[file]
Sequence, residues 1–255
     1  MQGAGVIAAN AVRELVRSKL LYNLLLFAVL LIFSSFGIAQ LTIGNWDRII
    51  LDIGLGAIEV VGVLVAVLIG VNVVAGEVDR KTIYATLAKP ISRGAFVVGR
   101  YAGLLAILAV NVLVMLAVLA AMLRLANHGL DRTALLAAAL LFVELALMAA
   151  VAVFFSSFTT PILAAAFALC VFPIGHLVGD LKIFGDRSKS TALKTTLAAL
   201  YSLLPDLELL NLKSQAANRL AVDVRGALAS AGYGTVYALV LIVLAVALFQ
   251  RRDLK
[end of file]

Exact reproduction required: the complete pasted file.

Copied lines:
Sequence, residues 1–255
     1  MQGAGVIAAN AVRELVRSKL LYNLLLFAVL LIFSSFGIAQ LTIGNWDRII
    51  LDIGLGAIEV VGVLVAVLIG VNVVAGEVDR KTIYATLAKP ISRGAFVVGR
   101  YAGLLAILAV NVLVMLAVLA AMLRLANHGL DRTALLAAAL LFVELALMAA
   151  VAVFFSSFTT PILAAAFALC VFPIGHLVGD LKIFGDRSKS TALKTTLAAL
   201  YSLLPDLELL NLKSQAANRL AVDVRGALAS AGYGTVYALV LIVLAVALFQ
   251  RRDLK